Russia’s dollar bond maturing in 2042 traded at 25 cents on the dollar on Wednesday, down from 98 cents the day before Ukraine was invaded, according to AdvantageData, a level normally associated with default.

“There’s going to be issues paying dollars, unless Putin flies to New York and hands out gold bars to investors,” Mr. Ash said.

Russia has two broad flavors of bonds held by foreigners: local currency bonds issued in rubles inside Russia, and foreign currency bonds, issued in dollars and euros and traded internationally.

If it fails to make the payments on the dollar bonds, investors would likely declare Russia in default when the grace period ends and seek to get their money back in English courts, where the bonds are governed. The process could take years and investors would be betting on an eventual thaw in relations.

Russia has continued to pay on the ruble bonds, but for over a month it has blocked the payments going to foreign investors, who hold under a fifth of the bonds. The move was a retaliation against Western sanctions.

One class of investors not getting paid would normally constitute a default. But those bonds are governed by Russian law, which may be on the government’s side to avoid technically earning the default distinction.

Russia changed a federal securities law in late 2018 to so that an issuer of local debt no longer has to ensure payments reach investors. The borrower’s obligations are met if the money arrives at the clearing system, a piece of financial infrastructure that helps process money flows. This is similar to how bond payments work under English law.

The consequences of harsh economic sanctions against Russia are already being felt across the globe. WSJ’s Greg Ip joins other experts to explain the significance of what has happened so far and how the conflict might transform the global economy. Photo Illustration: Alexander Hotz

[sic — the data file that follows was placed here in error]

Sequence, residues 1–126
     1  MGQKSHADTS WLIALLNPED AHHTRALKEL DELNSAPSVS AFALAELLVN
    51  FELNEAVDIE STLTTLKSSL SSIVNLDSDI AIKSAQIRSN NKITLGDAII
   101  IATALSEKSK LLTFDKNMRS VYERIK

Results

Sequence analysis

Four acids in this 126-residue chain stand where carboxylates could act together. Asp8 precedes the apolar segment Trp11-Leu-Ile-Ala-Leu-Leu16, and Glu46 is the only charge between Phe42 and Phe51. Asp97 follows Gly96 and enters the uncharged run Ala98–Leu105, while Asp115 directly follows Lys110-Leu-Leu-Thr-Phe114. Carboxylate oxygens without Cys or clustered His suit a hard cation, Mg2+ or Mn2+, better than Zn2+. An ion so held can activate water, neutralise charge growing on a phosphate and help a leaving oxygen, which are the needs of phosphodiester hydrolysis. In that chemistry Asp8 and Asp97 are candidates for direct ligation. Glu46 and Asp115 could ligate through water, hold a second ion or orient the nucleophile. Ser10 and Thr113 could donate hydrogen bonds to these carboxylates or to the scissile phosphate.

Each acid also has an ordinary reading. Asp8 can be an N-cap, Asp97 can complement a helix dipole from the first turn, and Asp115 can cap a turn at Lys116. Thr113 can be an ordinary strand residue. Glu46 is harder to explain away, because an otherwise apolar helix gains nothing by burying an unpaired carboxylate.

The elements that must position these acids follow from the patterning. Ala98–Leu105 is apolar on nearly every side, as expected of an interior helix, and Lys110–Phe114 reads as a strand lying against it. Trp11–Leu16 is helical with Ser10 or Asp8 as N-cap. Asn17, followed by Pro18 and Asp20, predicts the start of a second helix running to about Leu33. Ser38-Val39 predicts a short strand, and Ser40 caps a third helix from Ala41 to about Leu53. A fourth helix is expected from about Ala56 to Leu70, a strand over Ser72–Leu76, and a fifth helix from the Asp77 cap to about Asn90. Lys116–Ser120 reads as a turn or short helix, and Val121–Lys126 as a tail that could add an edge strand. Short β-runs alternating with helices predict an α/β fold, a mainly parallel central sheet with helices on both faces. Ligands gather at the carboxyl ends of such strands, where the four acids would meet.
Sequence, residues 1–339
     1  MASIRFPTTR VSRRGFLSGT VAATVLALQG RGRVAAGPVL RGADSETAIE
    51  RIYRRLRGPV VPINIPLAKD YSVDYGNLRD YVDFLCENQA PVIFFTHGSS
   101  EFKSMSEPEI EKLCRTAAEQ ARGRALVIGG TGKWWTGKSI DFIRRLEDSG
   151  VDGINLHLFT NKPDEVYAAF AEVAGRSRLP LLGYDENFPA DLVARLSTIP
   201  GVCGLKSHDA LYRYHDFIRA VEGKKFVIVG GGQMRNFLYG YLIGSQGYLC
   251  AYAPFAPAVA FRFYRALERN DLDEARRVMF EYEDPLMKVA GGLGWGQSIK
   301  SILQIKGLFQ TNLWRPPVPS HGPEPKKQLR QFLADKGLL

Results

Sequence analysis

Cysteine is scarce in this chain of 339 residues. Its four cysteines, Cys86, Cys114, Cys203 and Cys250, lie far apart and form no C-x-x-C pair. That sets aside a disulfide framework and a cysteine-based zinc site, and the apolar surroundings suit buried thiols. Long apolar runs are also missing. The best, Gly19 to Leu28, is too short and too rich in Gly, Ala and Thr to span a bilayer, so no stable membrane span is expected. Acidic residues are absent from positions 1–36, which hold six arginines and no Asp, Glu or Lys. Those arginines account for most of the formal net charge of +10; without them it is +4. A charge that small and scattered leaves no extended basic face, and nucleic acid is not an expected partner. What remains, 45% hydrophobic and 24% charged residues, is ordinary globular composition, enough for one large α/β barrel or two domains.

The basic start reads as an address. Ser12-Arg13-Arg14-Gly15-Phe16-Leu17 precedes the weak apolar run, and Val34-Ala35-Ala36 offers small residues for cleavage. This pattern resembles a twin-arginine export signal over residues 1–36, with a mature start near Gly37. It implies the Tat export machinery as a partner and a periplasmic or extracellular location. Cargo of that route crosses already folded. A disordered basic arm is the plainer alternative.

“As long as you have paid the clearing system, you have fulfilled your end of the bargain,” said Tamer Amara, a partner at law firm Dentons with a focus on Russian capital markets. Lawyers at other firms with a presence in Moscow and U.S.-based bondholders have arrived at similar conclusions.

Records show that the Ministry of Finance sent the interest payment on a ruble bond due on March 2 to the system, the National Settlement Depository, on time. Foreign investors, however, have yet to receive the 22 billion rubles, equivalent to $270 million, because Russia’s central bank blocked the transfer.

Some foreign investors may not have been aware of the new rules: The Russian central bank has an old copy of the federal securities law on the English version of its website. The central bank didn’t immediately respond to a request for comment.

The securities law could make suing for payment under Russian law, already a difficult prospect, even more daunting.

Viktor Szabo, an investment director with a focus on emerging-market debt at Abrdn, said his team wrote the value of its local-currency Russian government bonds down to zero. They are holding on to the bonds for the moment in hopes that they will be able to sell in the future for higher prices than the market currently offers.

“We’re assuming that at some point this will be resolved,” he said. “The money is there so there should be some value, but it just takes time and a lot of patience.”

Write to Anna Hirtenstein at anna.hirtenstein@wsj.com and Caitlin Ostroff at caitlin.ostroff@wsj.com